Tuesday, July 12, 2016

Swimming Suit Beauties -- Way Back Then

by Connie Cortright

Courtesy of Wiki Commons
The Miss America pageant is approaching it's 100th anniversary in a couple years. Held in Atlantic City, it was started in 1921 with the name "Fall Frolic" by local businessmen to extend the summer tourist season beyond Labor Day. The first woman crowned as the winner was sixteen-year-old Margaret Gorman.

The next year, the East Coast newspapers wanted to increase their circulations, so joined in with the sponsorship of the event. In the beginning years, rules for the contest didn't exist. There were girls from the age of fifteen and women who were married that competed for the title of "Miss America", which was first used in 1922. The youngest person to win the title of Miss America was fifteen-year-old Miss Connecticut, Marian Bergerson in 1933. After that, the rules for the contest specified that contestants had to be 18-26 year old single women.

During the 20s, the contest was named "Inter-City Beauty Contest" because the contestants were winners of local city competitions from such locations as New York, Philadelphia, Washington DC, Pittsburgh, Camden, and Ocean City. It wasn't officially named "The Miss America Pageant" until 1940.

The pageant was controversial from its inception because of the "loose morals" that were displayed by the contestants. Most of the people in the US were offended by the bobbed hair cuts and bare arms and legs that the women had to display, especially in the Bather's Revue portion of the contest. The dissenters won the argument when the annual event was cancelled in 1928.

The terrible economy during the Depression even affected the pageant. It was cancelled for several years and didn't resume it's annual competition until 1933. The five years between '28 and '32 were the only ones that the pageant hasn't taken place in September since the 1921 start.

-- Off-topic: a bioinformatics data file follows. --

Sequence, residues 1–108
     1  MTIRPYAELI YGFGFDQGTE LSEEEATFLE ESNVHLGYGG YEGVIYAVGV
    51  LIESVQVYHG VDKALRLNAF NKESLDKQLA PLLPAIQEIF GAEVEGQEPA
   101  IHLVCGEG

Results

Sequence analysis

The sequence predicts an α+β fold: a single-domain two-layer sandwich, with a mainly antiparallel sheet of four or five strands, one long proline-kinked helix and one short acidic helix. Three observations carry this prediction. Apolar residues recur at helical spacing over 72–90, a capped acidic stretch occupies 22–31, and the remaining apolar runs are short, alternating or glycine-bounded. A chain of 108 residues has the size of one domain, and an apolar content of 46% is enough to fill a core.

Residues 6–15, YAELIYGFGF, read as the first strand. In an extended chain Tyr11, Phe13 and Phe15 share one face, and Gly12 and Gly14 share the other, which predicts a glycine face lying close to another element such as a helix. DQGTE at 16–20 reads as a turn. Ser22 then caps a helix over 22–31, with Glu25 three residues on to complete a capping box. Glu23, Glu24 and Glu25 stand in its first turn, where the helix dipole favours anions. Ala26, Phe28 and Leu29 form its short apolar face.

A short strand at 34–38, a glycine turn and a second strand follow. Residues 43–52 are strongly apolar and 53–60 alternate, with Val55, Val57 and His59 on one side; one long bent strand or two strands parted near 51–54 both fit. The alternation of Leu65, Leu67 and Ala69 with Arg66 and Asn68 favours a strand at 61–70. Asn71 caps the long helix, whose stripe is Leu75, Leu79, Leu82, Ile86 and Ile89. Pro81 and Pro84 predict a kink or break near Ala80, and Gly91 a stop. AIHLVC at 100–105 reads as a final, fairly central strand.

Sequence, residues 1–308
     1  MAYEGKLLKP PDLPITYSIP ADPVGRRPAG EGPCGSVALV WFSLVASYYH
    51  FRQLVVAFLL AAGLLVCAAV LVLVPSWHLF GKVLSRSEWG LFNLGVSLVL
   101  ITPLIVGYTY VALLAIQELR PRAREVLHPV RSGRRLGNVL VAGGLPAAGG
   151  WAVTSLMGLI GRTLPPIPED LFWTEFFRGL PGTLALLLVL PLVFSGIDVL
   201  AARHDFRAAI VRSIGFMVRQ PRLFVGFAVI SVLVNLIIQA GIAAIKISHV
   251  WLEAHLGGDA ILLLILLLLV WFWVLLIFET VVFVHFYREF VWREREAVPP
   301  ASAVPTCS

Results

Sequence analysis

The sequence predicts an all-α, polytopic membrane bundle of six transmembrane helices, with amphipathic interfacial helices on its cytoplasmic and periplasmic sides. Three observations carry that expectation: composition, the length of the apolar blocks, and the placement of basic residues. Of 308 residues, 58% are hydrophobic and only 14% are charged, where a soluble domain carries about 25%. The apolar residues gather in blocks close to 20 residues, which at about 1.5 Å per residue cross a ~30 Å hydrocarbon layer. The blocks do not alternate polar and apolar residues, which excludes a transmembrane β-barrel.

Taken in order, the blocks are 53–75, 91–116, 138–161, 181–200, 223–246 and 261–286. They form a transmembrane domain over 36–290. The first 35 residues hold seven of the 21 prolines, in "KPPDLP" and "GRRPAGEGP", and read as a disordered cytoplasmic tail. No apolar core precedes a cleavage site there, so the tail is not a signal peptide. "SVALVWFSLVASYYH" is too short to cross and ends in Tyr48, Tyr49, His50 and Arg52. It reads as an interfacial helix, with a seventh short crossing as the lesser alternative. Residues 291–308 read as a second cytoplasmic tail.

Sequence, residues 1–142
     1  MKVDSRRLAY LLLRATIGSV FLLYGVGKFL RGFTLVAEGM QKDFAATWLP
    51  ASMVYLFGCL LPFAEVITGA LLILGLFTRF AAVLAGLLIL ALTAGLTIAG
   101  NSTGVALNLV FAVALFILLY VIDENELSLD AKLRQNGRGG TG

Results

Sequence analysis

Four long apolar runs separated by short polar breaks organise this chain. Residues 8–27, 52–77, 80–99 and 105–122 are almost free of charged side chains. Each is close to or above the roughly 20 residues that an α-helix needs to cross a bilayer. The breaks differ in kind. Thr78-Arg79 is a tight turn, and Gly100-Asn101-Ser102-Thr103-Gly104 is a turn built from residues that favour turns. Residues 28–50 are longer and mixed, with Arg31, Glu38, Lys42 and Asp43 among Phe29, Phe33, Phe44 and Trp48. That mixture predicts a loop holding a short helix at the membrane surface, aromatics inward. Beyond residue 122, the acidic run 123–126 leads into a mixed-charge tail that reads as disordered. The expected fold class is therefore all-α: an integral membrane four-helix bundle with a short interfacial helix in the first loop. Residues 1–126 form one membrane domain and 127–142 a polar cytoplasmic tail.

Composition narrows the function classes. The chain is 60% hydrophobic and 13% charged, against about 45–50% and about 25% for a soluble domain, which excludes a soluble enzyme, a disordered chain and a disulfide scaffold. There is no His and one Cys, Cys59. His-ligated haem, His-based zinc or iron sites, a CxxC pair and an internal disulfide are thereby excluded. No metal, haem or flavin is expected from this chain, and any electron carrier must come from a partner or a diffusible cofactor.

The winners of the early contests were awarded anywhere between $100 in 1921 and $100,000 in 1926. With the popularity of the contest expanding, "Miss California" won the contest in 1925 and became Miss America. That was the year that the contest was broadcast live on the radio. Not too many radio stations were in existence that year, but the contest grew more in popularity as radio stations expanded.

During the 1930s, news about the contests was published in newspapers and journals across the country. Newsreels, shown in movie theaters, allowed people to actually watch the women participate in the contest even if it was seen after the fact.  It was first broadcast on television in 1954.

The early contestants competed to win money and often movie contracts. In 1944 the prize for the contest was changed from cash to college scholarships. The contest became more accepted as main stream after that time.

While growing up, I remember watching the Miss America Pageant every year. I'm not sure how important it is in the lives of Americans today, but it is an icon of our country that has lasted for almost a hundred years. That's quite an accomplishment in itself.

Information taken from Miss America - Wikipedia and Miss America - History

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